The Road to Reality: A Complete Guide to the Laws of the Universe

Front Cover
Vintage Books, Jan 1, 2007 - Science - 1099 pages
79 Reviews
This guide to the universe aims to provide a comprehensive account of our present understanding of the physical universe, and the essentials of its underlying mathematical theory. It attempts to convey an overall understanding--a feeling for the deep beauty and philosophical connotations of the subject, as well as of its intricate logical interconnections. While a work of this nature is challenging, no particular mathematical knowledge is assumed, the early chapters providing the essential background for the physical theories described in the remainder of the book. There is also enough descriptive material to carry the less mathematically inclined reader through, as well as some 450-500 figures. The book counters the common complaint that cutting-edge science is fundamentally inaccessible.

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Great explanations end-to-end, like the visual emphasis - Goodreads
Full of strange pictures and even stranger ideas. - Goodreads
This books is great as a reference manual. - Goodreads
But it is a great overview for non-physicists. - Goodreads
Expect to get through this book at a snail's pace. - Goodreads

Review: The Road to Reality: A Complete Guide to the Laws of the Universe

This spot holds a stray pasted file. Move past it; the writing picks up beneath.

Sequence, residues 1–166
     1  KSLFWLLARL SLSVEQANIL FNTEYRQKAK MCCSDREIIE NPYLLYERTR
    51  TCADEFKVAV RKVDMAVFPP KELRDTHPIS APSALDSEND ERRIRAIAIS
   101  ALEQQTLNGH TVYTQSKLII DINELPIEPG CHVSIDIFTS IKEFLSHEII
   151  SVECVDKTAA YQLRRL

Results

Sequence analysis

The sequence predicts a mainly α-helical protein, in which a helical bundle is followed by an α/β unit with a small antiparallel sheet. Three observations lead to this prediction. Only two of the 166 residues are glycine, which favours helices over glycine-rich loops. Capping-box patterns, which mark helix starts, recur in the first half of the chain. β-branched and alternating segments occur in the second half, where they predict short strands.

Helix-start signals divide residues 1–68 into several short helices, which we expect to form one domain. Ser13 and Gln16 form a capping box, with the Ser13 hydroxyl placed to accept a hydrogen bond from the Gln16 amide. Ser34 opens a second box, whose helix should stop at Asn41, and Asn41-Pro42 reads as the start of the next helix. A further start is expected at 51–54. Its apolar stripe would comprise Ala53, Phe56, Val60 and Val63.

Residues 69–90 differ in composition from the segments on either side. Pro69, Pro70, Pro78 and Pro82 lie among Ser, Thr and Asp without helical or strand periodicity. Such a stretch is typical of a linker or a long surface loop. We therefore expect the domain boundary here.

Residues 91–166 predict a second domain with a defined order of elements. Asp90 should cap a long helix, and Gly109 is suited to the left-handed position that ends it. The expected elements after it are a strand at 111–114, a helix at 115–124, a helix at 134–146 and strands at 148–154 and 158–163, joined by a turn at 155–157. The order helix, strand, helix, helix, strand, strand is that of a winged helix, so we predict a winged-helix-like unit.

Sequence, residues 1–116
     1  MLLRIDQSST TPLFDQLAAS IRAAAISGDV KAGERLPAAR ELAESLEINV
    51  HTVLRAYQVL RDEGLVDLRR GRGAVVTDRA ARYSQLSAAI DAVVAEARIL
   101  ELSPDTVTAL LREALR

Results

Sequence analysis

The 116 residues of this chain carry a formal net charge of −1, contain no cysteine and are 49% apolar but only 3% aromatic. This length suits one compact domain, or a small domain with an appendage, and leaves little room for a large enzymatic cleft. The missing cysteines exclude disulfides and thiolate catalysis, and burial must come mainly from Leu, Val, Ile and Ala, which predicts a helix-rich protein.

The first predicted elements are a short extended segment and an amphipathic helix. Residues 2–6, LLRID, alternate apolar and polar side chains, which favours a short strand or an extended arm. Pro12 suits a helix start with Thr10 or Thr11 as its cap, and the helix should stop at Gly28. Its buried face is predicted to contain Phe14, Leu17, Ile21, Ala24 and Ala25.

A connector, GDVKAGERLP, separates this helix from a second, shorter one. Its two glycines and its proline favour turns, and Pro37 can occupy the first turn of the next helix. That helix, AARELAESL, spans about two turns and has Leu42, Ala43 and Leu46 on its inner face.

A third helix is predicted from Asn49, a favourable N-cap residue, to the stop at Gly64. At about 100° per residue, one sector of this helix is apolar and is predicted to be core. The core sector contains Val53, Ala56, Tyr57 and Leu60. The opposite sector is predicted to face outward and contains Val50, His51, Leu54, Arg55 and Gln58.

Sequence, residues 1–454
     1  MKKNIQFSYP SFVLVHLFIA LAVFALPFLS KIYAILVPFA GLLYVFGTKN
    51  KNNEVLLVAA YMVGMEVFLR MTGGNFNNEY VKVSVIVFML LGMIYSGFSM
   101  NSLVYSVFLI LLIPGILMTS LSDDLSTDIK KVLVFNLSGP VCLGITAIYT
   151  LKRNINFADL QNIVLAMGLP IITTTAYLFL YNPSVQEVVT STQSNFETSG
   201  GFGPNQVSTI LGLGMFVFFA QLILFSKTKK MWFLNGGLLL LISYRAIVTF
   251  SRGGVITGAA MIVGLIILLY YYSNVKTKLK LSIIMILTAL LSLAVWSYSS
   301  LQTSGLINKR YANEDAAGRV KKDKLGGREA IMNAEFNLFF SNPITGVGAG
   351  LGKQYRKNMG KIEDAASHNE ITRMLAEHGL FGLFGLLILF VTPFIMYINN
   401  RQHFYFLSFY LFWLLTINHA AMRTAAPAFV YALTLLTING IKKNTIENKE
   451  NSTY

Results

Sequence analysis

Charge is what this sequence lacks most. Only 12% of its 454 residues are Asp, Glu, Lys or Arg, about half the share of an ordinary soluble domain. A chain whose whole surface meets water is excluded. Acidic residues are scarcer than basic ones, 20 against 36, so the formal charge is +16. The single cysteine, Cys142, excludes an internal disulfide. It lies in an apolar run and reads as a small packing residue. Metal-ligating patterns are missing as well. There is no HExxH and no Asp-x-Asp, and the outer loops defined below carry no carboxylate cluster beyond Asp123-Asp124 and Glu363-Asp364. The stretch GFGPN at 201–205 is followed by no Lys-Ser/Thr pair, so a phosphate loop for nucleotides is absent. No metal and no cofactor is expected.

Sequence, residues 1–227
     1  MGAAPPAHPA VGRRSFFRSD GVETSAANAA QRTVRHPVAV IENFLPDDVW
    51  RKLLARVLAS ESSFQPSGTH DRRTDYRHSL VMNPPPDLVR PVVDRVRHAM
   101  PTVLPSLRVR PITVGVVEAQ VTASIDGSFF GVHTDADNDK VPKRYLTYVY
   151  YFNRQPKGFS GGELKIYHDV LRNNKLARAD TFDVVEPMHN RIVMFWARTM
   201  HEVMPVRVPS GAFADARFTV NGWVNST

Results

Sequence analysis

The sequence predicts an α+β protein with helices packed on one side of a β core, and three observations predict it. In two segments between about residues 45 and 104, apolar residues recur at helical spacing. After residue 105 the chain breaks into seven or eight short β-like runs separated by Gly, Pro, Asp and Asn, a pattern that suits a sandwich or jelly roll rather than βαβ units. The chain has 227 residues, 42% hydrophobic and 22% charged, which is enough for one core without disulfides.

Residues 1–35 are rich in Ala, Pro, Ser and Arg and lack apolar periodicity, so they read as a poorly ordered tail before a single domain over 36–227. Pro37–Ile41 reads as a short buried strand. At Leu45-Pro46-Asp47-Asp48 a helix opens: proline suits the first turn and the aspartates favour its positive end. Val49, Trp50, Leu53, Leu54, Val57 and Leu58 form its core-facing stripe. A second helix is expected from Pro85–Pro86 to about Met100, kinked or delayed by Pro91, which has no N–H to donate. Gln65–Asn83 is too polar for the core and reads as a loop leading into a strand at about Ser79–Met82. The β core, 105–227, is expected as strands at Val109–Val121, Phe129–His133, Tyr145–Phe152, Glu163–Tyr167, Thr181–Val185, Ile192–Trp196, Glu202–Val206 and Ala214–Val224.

User Review  - John Jones - Goodreads

A one-stop-shop for the interesting and slightly theoretical view of physics today. Not sure how the general public would go reading this, but if you have a maths or physics background it's a great reference book. Read full review

Review: The Road to Reality: A Complete Guide to the Laws of the Universe

User Review  - Yunjiang Jiang - Goodreads

This is what I would recommend to an ambitious 7th grader embarking on the journey of scientific and mathematical exploration. For the average less ambitious or jaded post-graduate school adults, it is equally relevant. Read full review

About the author (2007)

Roger Penrose is Emeritus Rouse Ball Professor of Mathematics at Oxford University. He has received a number of prizes and awards, including the 1988 Wolf Prize for physics, which he shared with Stephen Hawking for their joint contribution to our understanding of the universe. His books include The Emperor's New Mind, Shadows of the Mind, and The Nature of Space and Time, which he wrote with Hawking. He has lectured extensively at universities throughout America. He lives in Oxford.

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